October 14, 2020
The U.S. Hits a Major 5G Milestone: Three Nationwide 5G Networks .
This week marks a huge milestone for U.S. 5G efforts: AT&T, T-Mobile and Verizon now all offer nationwide 5G networks, each of which covers at least 200 million Americans. This is simply remarkable progress to deploy 5G across the country and a proof point of U.S. 5G leadership.
Our 5G progress is not just the scope, it’s about the speed as well. From the first 5G deployment in late 2018, we’ve hit this nationwide achievement in just two years. With 4G, it took several years to offer nationwide coverage from multiple providers.
Now, from West Palm Beach, FL, to West Hollywood, CA, and thousands of communities in between, 5G networks are up and running, thanks to national and regional providers alike.
For instance, CGI launched 5G in Anchorage in April. And U.S. Cellular turned on 5G in cities and towns throughout Iowa and Wisconsin beginning in March, followed by launches in Maine and North Carolina in September, with more to come this year.
U.S. operators—and their network supplier partners, including Ericsson, Nokia and Samsung—did this all while managing their networks to handle COVID-related increases and shifts in demand without missing a beat on speeds and capacity.
This U.S. wireless success story is due to its private sector approach, which has driven unrivaled investment spurred on by free-market competition.
Thanks to $100+ billion in private capital invested in the past few years, U.S. 5G networks already cover hundreds of millions of Americans and one operator has committed to soon serve over 90% of rural Americans.
Last year alone, providers invested $29.1 billion in capital expenditures. The U.S. represents only 4.5% of the world’s population, but accounts for 18% of the world’s total mobile capex.
Each of the nation’s big three service providers has increased their capital spending in the name of 5G this year—Verizon increased their capex by half a billion dollars in 2020, AT&T invested an additional $1 billion in new 5G spectrum, and T-Mobile upped their second quarter capex by 26% from last year.
This commitment to investing in our wireless future is in part because of the extremely competitive nature of this industry—to be first, to be best, and to win over consumers. We saw the benefits of this competitive wireless marketplace explode during the 4G decade. Mobile broadband is 31 times faster than it was a decade ago, data traffic is up 96 times, and consumers are saving $130 billion each year.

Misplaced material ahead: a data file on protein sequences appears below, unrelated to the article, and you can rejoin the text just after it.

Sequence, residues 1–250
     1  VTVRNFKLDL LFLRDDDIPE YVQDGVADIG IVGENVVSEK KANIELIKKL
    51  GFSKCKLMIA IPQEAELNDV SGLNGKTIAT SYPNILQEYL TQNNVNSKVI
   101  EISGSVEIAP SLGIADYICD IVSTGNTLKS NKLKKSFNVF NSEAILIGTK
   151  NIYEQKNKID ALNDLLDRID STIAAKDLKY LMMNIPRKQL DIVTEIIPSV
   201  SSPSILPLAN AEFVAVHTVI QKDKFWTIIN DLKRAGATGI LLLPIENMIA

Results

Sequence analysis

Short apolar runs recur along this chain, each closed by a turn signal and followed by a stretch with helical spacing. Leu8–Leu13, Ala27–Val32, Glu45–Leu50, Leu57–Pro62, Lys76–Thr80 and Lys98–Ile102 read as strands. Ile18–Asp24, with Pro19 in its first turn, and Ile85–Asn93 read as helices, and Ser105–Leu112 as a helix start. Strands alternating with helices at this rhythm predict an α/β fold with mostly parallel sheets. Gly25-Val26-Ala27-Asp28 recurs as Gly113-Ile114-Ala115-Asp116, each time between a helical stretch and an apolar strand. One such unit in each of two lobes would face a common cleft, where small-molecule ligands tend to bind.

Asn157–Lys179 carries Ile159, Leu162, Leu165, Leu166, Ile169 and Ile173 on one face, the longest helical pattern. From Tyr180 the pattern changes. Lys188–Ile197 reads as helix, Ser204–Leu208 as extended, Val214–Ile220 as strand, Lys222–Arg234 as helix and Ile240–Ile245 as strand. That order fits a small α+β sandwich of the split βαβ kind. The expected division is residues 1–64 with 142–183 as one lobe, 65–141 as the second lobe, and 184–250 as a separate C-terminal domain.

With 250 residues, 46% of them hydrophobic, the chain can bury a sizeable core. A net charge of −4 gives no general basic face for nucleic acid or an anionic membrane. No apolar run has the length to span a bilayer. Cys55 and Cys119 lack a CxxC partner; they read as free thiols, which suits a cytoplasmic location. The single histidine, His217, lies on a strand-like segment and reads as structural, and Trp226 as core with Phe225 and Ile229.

Competition-based choices have meant more affordable wireless packages—often with unlimited data—for consumers. And in turn, more Americans are streaming more video content and using their devices to find jobs and connect with their healthcare providers, prompting more investment to meet consumer demand.
And it’s not just providers that are working hard to offer more 5G products and services. Today, 5G smartphones are available from Samsung, Apple, Motorola, LG and others—with chipsets from companies like Qualcomm. There are several options for 5G hotspots and fixed wireless devices. And that’s only the beginning—companies like Intel are enabling 5G’s power and potential, including through innovations in smart city technologies, AR/VR, manufacturing, health care, connected and autonomous vehicles and education.
Investment dollar by investment dollar, cell site by cell site, America’s wireless industry is bringing the benefits of 5G mobile broadband to communities across America, creating jobs, powering economic growth and enabling innovations that make our lives better. And all at a time where we’re seeing firsthand the benefits of this type of connectivity, and the opportunities it enables.
With this week’s developments, it’s clear that America is well on its way to becoming the world’s 5G-powered innovation hub. And that’s something worth celebrating.